Toronto Mayor Rob Ford apologized Monday for his handling of a conflict-of-interest case that had led to his ouster from office, but said he is appealing the court’s decision so he can continue to lead the city.

Speaking to reporters on Tuesday, Ford said he could have expressed himself differently in council regarding the fundraising he undertook for his football foundation.

“This entire matter began because I love to help kids play football,” said Ford during a news conference. “When this came to council for a vote, I felt it was important to answer the accusations that had been made against me.”

The case that shook up Toronto City Hall this week came down to Ford’s use of an official city letterhead in 2010 to solicit donations to his private football foundation, and his participation in a council debate two years later about whether he should repay the $3,150 raised.

Paul Magder, the Toronto resident who launched the lawsuit, had argued that the mayor violated the Municipal Conflict of Interest Act when he voted on the issue in council. In his defence, Ford said he didn’t remember reading the councillors’ handbook that outlines conflict-of-interest rules, despite having been a councillor since 2000, and said he didn’t think he did anything wrong.

“I was focused on raising money to help under privileged youth. I never believed there was a conflict of interest because I had nothing to gain, and the city had nothing to lose,” said Ford. “But I respect the court’s decision.”

Ford to appeal verdict

On Monday, immediately after Ontario Superior Court Judge Charles Hackland ordered Ford to vacate office in 14 days, the mayor indicated he would appeal and seek a stay-of-removal order, which could allow him to hold onto his job while his request is considered by the courts.

Ford’s request for a “stay of removal” order will be heard on Dec. 5 and the appeal will be heard on Jan. 7, 2013.

“I will keep working to do exactly that for as long as I can or until the people elect someone else to do the job,” said Ford.

In what may have been his last council meeting as mayor, Ford left city hall early Tuesday to coach his beloved Don Bosco Eagles in the Metro Bowl, where the Etobicoke high school team faced Newmarket’s Huron Heights Warriors at the Rogers Centre. The Eagles lost to Warriors 28-14.

Prior to the highly-publicized game, members of the media were advised that any questions directed to players or coaches should only pertain to what happens on the field. 

In the meantime, Toronto’s top lawyer has shut down Mayor Rob Ford’s plans to run in a potential byelection, determining he cannot seek office again until the next general election.

City solicitor says Ford ineligible to run in byelection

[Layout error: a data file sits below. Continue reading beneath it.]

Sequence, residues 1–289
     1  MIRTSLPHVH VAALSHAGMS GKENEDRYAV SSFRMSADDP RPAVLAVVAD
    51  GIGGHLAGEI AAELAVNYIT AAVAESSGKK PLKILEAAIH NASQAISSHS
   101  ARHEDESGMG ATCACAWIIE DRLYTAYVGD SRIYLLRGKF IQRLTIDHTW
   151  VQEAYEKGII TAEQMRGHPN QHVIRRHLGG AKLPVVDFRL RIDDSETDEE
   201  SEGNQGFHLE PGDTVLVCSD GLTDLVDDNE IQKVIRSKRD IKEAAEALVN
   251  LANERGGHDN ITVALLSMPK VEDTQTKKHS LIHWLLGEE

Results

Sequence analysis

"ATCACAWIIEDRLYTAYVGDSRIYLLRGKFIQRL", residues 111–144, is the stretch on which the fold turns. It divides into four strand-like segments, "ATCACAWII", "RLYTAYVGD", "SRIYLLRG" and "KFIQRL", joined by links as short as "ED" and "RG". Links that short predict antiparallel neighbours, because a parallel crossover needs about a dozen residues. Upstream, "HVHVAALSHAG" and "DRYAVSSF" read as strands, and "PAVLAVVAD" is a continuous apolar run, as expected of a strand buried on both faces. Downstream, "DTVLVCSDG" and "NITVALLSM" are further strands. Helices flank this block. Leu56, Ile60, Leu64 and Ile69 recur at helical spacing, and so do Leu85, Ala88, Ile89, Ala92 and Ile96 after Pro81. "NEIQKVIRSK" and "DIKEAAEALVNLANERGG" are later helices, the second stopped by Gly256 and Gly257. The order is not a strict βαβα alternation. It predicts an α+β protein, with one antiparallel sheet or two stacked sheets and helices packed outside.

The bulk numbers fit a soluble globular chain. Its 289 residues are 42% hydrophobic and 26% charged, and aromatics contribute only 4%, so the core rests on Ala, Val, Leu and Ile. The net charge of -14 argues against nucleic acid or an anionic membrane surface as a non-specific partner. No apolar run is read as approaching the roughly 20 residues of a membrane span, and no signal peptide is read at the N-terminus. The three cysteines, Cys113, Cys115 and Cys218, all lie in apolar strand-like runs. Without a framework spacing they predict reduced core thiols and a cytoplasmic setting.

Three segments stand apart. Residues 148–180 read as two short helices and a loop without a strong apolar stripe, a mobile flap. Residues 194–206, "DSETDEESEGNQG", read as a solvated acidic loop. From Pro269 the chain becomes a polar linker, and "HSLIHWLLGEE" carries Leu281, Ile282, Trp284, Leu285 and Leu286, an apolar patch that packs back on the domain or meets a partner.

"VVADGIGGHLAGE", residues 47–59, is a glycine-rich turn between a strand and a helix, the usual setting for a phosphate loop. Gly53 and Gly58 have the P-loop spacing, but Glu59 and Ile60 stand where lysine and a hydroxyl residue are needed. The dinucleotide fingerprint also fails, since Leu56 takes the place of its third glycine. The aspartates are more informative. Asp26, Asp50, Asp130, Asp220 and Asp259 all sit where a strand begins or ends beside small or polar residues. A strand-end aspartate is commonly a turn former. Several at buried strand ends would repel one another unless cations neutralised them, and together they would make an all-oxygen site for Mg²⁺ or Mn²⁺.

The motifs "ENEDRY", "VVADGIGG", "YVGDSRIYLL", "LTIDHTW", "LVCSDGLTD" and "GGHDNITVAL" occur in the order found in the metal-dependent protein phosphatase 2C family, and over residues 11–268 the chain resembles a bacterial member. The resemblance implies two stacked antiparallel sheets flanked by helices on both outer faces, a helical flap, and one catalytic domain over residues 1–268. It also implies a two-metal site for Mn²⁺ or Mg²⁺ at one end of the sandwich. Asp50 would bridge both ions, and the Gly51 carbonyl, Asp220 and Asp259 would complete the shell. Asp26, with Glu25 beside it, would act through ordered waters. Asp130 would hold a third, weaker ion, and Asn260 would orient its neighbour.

Speaking to council on Tuesday, City solicitor Anna Kinastowski said she believes that a judge’s ruling ousting Ford for the “current term” bars him from council until the year 2014, when the next scheduled municipal election will take place.

“That is our interpretation of that particular fact,” she said.

Kinastowski’s analysis runs contrary to claims Mayor Ford made on Monday, as he vowed to fight “tooth and nail” against a court order removing him from office in 13 days.

“If they do for some reason get me out, I’ll be running right back at them,” Ford said Monday. “As soon as the next election is, if there’s a byelection, I’ll have my name -- first one on the ballot.”

Ford has alleged that his court ordered removal from office is the result of left-wing politics, claiming “the left-wing wants me out of here and they’ll do anything in their power to.”

With Ford promising to fight his imminent ouster, municipal law specialist John Mascarin predicts there will be much legal manoeuvring in the days ahead.

In an interview with CTV Toronto, Mascarin outlined potential outcomes in the Ford saga.

According to Mascarin, a partner with the Toronto-based Aird & Berlis, it is possible for Ford to remain mayor while he fights appeals Justice Hackland’s verdict.

In short, when Ford files his appeal, he must also file an application for a stay. The applications must be filed at the same time, and with the same court.

He’ll also have to ask for an expedited ruling, said Mascarin.

How likely is it that Ford will be granted an appeal or stay?

“I think (Ford) has a great shot at getting the stay,” said Mascarin. “He’ll argue that it will cause irreparable harm to both himself, as well as to the city.”

Ford’s case involved just over $3,000 in charitable donations, while an election could cost the city several million dollars. Does the punishment fit the crime?

In Mascarin’s view, the decision comes down to principle.

“If you have a financial interest in a matter before your council or before committee, then you just don’t speak to it. You don’t attempt to influence anyone, and you certainly don’t vote on it,” he said.

What options does city council have at this point?

Within 60 days of council -- not Justice Hackland -- declaring Ford’s seat vacant, the council must make a decision on whether they’re going to appoint someone.

“That person can be any person, as long as they’re entitled to be an elector in the City of Toronto,” said Mascarin, noting that the person doesn’t have to be a council member.

The second route is to hold a byelection. Though Ford has vowed to run in any potential vote, Toronto’s city solicitor suggested Monday that he is unable to do that.